(The following was originally written for Amp Camp, a hipster-esque sub-division of neighborhoodies.com):
Sullen, pouty 19-year old piano prodigy Fiona Apple seemed to fall from the skies with her first album, "Tidal" a preternaturally assured collection of songs that slunk languidly between smoky jazz and Alanis Morissette alterna-angst. Assuring her success was a series of videos demonstrating her waifish sex appeal, particularly "Criminal", where she appears as a strung-out, underwear clad Alice lost in a tawdry lime-green carpeted wonderland of implied sexual misuse, drugs and wood paneling. Her erratic behavior at shows drew some flak from the press, eventually presaging a brief nervous breakdown, and we knew she was trouble when her sophomore album came out with such a long name that no one could say it all the way through. But youth, beauty and genius is a rough combination, and we have no choice but to forgive her. Extraordinary Machine was thought to be in limbo due to record executive nervousness, but when it finally came out it showed the brazen Apple had matured without losing a shred of her gorgeous sorrow. Her jazz-standard crooning sister Maude Maggart is pretty cool, too.
The first thing you hear is a voice that's so deep compared to your expectations of what a 19 year old ingénue should sound like that you think you put the record on the wrong speed. But it's a CD, and so the sound is so clear you can hear her every soft breath in between hitting these great deep notes that slowly evaporate at the end of stanzas (check out the 3:29 mark in "Slow Like Honey"). So yeah she's popular, she's the poster girl for the self-cutting crowd, but she's also as disciplined and regal as Nina Simone and twice as well recorded. If there is any flaw at all it's just that at 19 she doesn't have the sensory gravity, the "soul" that Nina or Sinatra could bring to a lyric. Her style is seductive for the sake of destruction, or as she puts it on one of the albums chart-topping hits, she's a girl who "can break a boy / Just because she can." She's that beautiful anorexic girl who lures you into her bed just long enough to break up your marriage, just long enough for you both to realize there is no "there" there outside of taboo-busting. It's her gift for expressing the bottomless melancholy of a 19 year-old beautiful loner grown way-too old before her time due to the evils of older men. She still finds an inner wealth of maternal comfort for whoever of her listeners are in need, filtered through the slow motion duck and jab of "Shadow Boxer" or bathed in the Joni Mitchell-style piano and whispered solace of "Never is a Promise."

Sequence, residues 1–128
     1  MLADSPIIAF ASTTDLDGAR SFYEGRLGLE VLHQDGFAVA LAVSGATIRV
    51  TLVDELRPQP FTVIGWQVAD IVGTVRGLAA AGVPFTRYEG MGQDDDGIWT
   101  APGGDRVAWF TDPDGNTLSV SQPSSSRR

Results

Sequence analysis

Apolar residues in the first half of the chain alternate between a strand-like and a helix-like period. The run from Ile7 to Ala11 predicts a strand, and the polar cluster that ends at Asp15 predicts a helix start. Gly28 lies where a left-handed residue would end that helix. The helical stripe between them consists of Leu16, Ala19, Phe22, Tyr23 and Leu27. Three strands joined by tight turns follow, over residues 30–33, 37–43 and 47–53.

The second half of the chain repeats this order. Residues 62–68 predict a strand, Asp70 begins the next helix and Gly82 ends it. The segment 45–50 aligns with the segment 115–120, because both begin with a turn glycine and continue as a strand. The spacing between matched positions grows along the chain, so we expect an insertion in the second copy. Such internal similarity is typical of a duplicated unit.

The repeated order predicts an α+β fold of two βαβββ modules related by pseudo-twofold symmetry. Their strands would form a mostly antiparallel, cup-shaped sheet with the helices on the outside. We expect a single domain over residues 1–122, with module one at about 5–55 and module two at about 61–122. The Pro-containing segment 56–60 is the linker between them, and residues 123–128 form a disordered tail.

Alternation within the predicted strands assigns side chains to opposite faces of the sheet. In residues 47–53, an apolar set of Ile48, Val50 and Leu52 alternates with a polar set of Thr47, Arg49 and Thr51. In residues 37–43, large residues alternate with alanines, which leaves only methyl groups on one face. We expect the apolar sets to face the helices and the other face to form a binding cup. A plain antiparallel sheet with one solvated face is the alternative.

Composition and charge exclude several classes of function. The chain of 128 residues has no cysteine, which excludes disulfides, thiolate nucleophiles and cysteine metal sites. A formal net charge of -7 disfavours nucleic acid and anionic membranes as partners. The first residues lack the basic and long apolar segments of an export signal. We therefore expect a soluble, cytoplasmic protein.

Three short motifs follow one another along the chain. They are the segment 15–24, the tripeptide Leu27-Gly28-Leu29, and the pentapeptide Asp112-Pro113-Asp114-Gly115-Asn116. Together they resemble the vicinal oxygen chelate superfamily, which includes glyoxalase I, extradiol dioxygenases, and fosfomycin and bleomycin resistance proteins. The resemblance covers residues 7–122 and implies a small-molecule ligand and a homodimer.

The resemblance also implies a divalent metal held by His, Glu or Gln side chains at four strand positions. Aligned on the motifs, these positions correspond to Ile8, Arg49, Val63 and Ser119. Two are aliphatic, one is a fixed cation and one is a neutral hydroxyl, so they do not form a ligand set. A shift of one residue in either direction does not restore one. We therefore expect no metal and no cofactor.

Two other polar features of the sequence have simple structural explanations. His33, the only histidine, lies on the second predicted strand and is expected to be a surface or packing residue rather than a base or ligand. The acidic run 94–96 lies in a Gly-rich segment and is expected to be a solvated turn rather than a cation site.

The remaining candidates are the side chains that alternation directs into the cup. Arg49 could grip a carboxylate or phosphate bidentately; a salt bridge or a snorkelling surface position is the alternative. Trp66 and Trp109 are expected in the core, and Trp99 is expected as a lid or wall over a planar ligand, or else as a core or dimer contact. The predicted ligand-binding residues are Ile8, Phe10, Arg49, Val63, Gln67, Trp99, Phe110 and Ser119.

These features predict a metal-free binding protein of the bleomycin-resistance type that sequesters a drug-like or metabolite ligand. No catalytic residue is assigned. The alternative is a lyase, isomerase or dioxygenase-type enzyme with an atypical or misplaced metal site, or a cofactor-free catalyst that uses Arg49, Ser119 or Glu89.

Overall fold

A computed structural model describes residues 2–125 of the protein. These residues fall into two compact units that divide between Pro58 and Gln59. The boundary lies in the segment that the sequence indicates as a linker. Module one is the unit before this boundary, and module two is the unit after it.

The spookily talented Ms. Apple's third album came with a lot of strange mythologizing behind it. Was the label not releasing it, or was the demo just floating around the internet before it was finally mixed down to the artist's exacting specifications? Whether it was all just ingenious hype or something else, it hardly matters, as the album encompasses everything that was great about her first two works, and then expands from there, managing to be even more quietly assured than "Tidal," and more pumping and assertive than "When the Pawn…"